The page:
The black power coated finish of Picade really sets it off with an old arcade feel, the buttons and joystick are of good quality and fairly responsive to use. At some point I will likely swap them out for more 80s recessed style buttons, but for now they get the job done and look fine.img_20161123_154601

The Picade comes bundled with an 8” flat panel LCD screen. Originally the kit was available with a 12” panel but I understand supplies dried up and Pimoroni have been unable to source any more at a reasonable price. At first when I removed the panel from its packaging I thought it was mighty small and had some misgivings about its effectiveness for playing games on, but honesty I hadn’t need for concern. The 8” panel compliments the cabinet really well and once your in playing Pacman or Pole Position you really don’t notice it. The picture is clear, sharp and the colours a vibrant, my only regret is the absence of any scanlines, but that’s more a personal preference and something I can probably fix within the Retro Pie software.

With the cabinet built, it is just a case of flashing an SD card with the relevant Retro Pie image, which you can download via their website @ https://retropie.org.uk. Setup is relatively painless and straight forward and should see you up and running in no time at all. Something I did discovered on my first outing, is that RetroPie has more than one Mame emulator to choose from and some ROMs work better in one than they do the other. If you find like I did that a great many of img_20170217_185138your ROMs aren’t working, you may wish to try using the other Mame emulator. The reason this happens is down to the chipsets the Mame is running, different revisions can sometimes expect different files to be present within the ROM archive. Newer revisions tend to be more compatible but unfortunately the one available on Raspbian isn’t, which is why RetroPie comes with more then one Mame emulator. Swapping between the different versions can be as simple as copying your ROMsets to the appropriate folder on your SD card. It is also possible to change it from within Retropie, just after selecting your ROM the option appear on screen to change the default settings, this also includes which version of Mame is used to run the selected ROMset.

When put together, the Picade and Retro Pie compliment one another well and one can hardly imagine one without the other, both are polished and easily accessible products.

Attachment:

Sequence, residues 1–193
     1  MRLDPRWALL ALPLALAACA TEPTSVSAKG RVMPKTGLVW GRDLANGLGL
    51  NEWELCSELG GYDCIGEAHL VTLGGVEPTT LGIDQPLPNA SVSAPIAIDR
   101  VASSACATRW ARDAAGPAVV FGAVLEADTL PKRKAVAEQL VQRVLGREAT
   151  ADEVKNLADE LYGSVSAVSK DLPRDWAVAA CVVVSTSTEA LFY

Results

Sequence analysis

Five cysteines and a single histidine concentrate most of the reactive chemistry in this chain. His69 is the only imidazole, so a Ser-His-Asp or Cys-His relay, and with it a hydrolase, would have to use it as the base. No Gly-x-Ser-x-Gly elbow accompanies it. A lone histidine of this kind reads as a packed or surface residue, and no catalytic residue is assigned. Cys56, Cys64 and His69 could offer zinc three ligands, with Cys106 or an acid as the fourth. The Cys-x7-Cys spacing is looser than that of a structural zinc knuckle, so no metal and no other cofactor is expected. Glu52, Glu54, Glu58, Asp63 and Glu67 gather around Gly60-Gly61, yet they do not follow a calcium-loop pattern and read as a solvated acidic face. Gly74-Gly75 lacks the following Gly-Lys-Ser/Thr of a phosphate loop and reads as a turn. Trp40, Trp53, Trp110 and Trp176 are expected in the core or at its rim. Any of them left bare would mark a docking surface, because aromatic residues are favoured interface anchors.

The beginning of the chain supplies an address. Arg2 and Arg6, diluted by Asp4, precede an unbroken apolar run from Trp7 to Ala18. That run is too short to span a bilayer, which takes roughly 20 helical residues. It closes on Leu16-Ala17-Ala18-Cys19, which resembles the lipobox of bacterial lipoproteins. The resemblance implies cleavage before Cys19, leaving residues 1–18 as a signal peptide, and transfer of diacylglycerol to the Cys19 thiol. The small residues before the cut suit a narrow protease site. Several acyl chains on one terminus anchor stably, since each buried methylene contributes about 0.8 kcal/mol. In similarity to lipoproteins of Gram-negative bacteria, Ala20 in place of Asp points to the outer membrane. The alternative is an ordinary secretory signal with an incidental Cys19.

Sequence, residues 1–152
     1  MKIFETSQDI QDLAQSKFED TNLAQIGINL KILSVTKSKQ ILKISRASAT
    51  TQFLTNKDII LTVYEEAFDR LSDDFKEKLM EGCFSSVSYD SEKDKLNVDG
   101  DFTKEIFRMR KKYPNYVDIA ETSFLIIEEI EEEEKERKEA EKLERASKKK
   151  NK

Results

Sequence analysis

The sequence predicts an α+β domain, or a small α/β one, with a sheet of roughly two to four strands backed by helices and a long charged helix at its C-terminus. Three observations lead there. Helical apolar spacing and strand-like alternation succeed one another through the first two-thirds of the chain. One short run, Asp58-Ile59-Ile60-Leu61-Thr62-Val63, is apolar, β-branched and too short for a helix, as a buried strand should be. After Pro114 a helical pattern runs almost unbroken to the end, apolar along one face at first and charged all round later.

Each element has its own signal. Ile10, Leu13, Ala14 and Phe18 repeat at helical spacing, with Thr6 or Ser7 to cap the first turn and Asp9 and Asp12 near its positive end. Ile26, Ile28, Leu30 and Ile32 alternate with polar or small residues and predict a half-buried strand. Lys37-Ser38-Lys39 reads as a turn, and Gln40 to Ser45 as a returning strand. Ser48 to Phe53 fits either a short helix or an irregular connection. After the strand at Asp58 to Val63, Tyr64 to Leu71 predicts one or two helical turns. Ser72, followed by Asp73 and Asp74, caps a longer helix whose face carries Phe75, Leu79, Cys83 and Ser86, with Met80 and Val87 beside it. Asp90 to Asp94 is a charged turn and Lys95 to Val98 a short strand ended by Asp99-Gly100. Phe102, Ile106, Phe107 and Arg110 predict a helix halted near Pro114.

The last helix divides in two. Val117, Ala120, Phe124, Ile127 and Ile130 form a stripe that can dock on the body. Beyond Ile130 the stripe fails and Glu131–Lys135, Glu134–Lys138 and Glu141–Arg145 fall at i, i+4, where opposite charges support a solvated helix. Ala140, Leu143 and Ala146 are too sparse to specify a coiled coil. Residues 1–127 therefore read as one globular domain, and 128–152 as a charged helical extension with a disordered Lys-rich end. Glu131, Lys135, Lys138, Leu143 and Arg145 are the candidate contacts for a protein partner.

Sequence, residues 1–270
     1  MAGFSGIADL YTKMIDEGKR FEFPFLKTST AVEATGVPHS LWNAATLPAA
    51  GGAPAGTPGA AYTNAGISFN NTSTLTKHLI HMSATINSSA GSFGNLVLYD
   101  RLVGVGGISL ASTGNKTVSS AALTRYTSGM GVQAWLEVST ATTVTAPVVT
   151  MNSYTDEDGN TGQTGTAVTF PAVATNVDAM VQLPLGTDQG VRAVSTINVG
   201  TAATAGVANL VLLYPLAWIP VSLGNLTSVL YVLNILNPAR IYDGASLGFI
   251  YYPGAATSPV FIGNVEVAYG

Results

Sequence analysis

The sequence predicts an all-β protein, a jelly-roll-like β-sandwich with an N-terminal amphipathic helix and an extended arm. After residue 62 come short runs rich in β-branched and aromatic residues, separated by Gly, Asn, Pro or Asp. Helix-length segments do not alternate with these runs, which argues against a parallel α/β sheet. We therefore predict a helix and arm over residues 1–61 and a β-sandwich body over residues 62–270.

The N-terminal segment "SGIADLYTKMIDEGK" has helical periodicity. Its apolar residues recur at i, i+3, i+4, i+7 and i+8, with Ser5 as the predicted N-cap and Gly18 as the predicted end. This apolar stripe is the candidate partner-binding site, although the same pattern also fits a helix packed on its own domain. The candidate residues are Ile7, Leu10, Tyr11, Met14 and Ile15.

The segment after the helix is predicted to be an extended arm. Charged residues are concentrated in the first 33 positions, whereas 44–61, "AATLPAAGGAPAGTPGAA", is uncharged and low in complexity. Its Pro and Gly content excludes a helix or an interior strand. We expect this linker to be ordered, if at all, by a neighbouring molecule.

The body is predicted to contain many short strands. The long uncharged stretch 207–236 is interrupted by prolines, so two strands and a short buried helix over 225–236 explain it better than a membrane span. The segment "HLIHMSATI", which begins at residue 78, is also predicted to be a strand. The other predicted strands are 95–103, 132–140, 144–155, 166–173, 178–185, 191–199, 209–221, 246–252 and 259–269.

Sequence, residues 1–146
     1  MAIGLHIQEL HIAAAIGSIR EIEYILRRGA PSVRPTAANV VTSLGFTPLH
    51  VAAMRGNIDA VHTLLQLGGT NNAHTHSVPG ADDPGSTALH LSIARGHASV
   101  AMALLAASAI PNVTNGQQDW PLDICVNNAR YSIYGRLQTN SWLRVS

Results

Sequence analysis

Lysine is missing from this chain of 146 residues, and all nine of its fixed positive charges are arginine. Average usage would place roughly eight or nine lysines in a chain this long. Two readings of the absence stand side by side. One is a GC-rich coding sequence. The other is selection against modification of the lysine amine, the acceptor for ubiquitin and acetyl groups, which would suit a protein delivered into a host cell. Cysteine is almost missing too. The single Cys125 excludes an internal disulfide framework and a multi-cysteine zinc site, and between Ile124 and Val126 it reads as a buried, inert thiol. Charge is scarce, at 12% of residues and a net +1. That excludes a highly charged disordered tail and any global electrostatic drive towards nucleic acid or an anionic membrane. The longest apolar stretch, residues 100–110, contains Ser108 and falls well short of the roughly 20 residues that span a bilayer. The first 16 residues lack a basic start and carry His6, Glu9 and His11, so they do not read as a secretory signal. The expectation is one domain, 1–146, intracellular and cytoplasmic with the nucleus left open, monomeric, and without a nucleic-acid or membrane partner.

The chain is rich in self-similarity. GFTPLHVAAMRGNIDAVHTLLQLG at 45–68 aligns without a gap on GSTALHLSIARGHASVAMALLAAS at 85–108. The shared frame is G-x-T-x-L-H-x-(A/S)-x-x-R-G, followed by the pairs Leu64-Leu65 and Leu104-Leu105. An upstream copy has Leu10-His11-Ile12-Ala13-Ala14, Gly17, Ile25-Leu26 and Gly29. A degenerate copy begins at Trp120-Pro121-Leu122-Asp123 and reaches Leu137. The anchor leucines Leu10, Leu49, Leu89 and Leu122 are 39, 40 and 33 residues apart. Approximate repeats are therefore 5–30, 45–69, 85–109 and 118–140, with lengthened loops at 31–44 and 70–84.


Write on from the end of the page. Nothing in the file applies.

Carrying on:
Unfinished Business

img_20170213_151551When I began to assemble the Picade, I knew from the get go that I wanted to design some custom cabinet art for it – something that harkened back to the days of my childhood with crazy neon colours and funky 8 bit sprites. One thing about the Picade is that the only decals that come with it are for the marque and the control panel, the sides of the cabinet are left alone. As pretty as the powder coating is, I couldn’t help feel there was something better to do with them, such as cover them up with something bright and retro! So I went about designing the art on my recently aqcuired 15” Powerbook G4. Anyone who says PPC has had its day can go suck a lemon as far as I’m concerned, as this laptop not only oozes style but clocking in at 1.55Ghz it runs Photoshop without breaking a sweat.

img_20170119_162942As you can probably see in the photos from an early stage there was a very distinct 80s theme going on. One thing I had to keep in mind was to make sure the decal art lined up with the side panels on the cabinet, as I wasn’t just contending with the outside edge of each panel but also the various screw holes and speaker grills that the decals would be covering.

The side art is protected by 1mm thick sheet of clear acrylic that has been cut out to the same shape and size of both MDF side panels. Eventually I plan on making the marquee backlit so that the Picade logo and colours are more vivid to the eye.

IMG_20170213_154944.jpg


Back for 2017

eightbit_eightbit4

 

Hello dear reader! Did you miss us?

BMV is back for another year and I have a lot of fun articles I’d like to cover and maybe we can fit in a few interviews this year from people active in the community. I’m sorry the blog has been a bit quiet but I was away busily tinkering, working on my Atari Lynx video conversion, making an AmigaPi 1200 and several more USB tank mice for friends who wouldn’t stop pestering me for one after seeing the one I’d built I’ve also been playing with a Powerbook 180 and discovering the pitfalls of LCD tunnelling which the entire 100 series seems to suffer from.

Blasting away from 2016 is my Picade build which I finished just before Christmas, now in 2017 I put the finishing touches to the cabinet with some retro electric 80s art. Keep your eyes peeled as I’ll be offering up free cabinet decal art for anyone looking to deck out their Picade in proper 80s style!